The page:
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Interactive Phrase Synth; Merging MIDI Parts; Steinberg LM4

Cubase Technique By Paul Sellars
Published May 2001

The IPS window, as it appears in Cubase 3.1 on the Atari ST.The IPS window, as it appears in Cubase 3.1 on the Atari ST.

This month's Cubase Notes introduces more features of the Interactive Phrase Synth, offers some handy hints on merging MIDI Parts, and provides some words of bitter experience on creating your own instruments in Steinberg's LM4 drum machine.

Last month we introduced one of the less commonly used features of Cubase, the Interactive Phrase Synth (IPS). You'll recall that the IPS is a MIDI processor not unlike a complex arpeggiator, which takes note data from an existing Part or Track and uses it to generate new musical phrases and motifs in response to 'real time' input from the user. Its output can be recorded to MIDI tracks, making it a potentially useful compositional tool when you're short of new ideas.

To use the IPS you must first load it (from the Modules menu in earlier versions of Cubase, or from the Panels menu in current versions) and then give it a Phrase to work with. This is simply a matter of selecting either a whole Part in the Arrange window, or some notes in one of the Edit windows, and choosing Copy to Phrase from the Modules menu (in earlier versions) or Convert to IPS Phrase from the Functions menu (in current versions).

Once you have created a Phrase, the different functions of the IPS can be used to generate new variations, and these can be controlled by input from your MIDI keyboard, and by real‑time manipulation of the IPS's various controls.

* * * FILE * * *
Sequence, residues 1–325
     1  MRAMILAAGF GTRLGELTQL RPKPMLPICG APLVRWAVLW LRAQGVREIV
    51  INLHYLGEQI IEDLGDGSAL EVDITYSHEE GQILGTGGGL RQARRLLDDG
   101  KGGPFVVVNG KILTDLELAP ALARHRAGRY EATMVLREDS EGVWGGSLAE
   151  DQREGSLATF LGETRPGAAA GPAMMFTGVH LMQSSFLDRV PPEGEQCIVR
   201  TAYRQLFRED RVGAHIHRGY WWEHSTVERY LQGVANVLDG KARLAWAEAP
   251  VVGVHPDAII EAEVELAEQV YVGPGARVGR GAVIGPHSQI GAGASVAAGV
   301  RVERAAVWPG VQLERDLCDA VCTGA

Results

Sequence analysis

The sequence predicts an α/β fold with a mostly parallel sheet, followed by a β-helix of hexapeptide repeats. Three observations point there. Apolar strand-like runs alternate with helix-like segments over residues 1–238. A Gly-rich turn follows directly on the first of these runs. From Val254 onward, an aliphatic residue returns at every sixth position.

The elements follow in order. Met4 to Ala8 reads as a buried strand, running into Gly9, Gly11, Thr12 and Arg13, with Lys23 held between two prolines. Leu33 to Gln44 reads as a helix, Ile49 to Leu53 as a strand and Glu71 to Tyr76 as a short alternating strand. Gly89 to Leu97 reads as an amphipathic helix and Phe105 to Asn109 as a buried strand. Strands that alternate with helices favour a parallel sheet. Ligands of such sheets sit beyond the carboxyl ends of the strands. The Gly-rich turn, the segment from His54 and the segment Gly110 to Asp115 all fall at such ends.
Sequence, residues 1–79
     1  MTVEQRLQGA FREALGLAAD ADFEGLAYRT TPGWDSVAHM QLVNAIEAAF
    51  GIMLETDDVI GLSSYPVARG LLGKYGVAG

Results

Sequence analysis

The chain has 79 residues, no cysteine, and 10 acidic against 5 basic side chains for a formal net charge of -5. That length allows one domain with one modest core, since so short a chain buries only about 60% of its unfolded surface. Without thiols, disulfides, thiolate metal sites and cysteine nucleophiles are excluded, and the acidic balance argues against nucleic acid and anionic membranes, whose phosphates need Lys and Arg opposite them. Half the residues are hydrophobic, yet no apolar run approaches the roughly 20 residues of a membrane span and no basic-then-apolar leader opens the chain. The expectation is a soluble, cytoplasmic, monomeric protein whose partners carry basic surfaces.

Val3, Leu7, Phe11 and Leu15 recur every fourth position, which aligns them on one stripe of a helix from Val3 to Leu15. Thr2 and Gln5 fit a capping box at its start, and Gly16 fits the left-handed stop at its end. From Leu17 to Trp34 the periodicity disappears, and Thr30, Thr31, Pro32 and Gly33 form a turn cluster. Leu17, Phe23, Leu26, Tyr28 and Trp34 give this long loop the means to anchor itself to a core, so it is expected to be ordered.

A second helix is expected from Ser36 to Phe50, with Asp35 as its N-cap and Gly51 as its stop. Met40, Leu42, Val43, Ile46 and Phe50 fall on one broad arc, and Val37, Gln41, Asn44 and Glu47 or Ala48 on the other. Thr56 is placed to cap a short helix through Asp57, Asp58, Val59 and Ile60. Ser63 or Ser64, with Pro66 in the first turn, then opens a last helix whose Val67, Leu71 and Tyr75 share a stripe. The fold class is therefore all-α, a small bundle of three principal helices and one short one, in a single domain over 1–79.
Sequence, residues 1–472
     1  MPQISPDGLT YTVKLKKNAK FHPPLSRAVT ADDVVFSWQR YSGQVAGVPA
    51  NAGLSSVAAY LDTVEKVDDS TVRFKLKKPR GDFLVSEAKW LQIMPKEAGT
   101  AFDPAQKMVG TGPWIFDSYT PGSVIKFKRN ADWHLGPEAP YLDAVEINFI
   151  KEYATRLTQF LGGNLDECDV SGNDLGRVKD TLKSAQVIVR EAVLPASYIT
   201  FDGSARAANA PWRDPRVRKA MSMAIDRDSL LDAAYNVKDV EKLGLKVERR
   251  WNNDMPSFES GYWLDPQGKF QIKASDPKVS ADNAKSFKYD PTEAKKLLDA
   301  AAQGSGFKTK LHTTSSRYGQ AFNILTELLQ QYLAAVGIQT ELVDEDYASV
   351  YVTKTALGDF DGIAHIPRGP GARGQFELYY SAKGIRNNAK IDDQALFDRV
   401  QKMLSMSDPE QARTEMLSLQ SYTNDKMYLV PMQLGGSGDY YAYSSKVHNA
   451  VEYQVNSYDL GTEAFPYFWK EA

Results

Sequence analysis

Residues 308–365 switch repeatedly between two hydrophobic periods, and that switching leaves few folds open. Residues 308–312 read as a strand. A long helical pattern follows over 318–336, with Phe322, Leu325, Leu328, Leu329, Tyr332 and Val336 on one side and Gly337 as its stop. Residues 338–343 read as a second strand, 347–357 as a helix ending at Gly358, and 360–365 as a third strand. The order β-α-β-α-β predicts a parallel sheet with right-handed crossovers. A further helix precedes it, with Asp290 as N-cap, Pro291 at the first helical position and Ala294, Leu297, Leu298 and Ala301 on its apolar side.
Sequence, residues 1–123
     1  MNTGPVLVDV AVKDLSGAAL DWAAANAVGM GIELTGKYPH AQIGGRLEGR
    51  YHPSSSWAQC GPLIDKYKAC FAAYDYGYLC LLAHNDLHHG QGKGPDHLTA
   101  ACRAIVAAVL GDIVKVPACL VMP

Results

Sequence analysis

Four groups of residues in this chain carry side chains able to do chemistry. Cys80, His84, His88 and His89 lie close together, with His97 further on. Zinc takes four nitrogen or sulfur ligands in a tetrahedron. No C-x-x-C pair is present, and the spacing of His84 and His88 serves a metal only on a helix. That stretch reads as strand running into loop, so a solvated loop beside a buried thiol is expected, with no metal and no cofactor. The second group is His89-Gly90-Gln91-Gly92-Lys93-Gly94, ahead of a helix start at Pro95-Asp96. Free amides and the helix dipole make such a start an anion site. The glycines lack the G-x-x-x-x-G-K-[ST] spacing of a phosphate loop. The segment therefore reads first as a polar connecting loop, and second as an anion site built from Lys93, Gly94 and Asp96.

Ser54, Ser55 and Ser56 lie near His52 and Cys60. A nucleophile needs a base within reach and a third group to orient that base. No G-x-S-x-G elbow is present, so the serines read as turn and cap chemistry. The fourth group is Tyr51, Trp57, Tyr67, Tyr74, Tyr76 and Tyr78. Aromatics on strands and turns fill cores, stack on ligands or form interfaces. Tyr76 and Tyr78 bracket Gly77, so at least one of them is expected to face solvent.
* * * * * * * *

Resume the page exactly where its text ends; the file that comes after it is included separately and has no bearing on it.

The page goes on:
In last month's column we started with a simple C major scale as our example Phrase, and saw how the controls in the Pitch and Rhythm sections of the IPS can be used to create variations by forcing the original Phrase to a new scale or key, or by changing its quantise resolution. We also saw how the Modulator 1 and Modulator 2 sections of the IPS provide software 'LFOs', which can be patched to dynamically alter settings elsewhere in the IPS, and so create more interesting and unpredictable variations on your original Phrase.

So far so good. Now, however, it's time to look at the theory behind some of the IPS's other, potentially more confusing functions...

As before, create a Part one bar long and enter a C major scale in eighth notes starting from C3. Choose Select All from the Edit menu, followed by Copy to Phrase from the Modules menu (Convert to IPS Phrase on the Functions menu in later versions of Cubase). Next, open the IPS (you can delete the Part you've just programmed) by selecting Phrase Synth from the Modules menu (or the Panels menu in later versions) and click the Init button to reset the IPS, followed by Active to activate it. Finally, switch off IPS B: we won't be needing it. Pressing a key on your MIDI keyboard should now cause the major‑scale Phrase you've programmed to loop continuously, transposed to correspond with whichever key you press.


Steinberg offer this editing program for LM4, but not everyone has managed to get it working properly!Steinberg offer this editing program for LM4, but not everyone has managed to get it working properly!